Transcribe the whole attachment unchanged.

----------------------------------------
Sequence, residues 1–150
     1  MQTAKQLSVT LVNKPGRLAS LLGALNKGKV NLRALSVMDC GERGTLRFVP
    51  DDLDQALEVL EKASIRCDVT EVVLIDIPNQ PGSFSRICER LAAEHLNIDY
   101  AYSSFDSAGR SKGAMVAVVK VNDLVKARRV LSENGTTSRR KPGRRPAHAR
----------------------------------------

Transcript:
Sequence, residues 1–150
     1  MQTAKQLSVT LVNKPGRLAS LLGALNKGKV NLRALSVMDC GERGTLRFVP
    51  DDLDQALEVL EKASIRCDVT EVVLIDIPNQ PGSFSRICER LAAEHLNIDY
   101  AYSSFDSAGR SKGAMVAVVK VNDLVKARRV LSENGTTSRR KPGRRPAHAR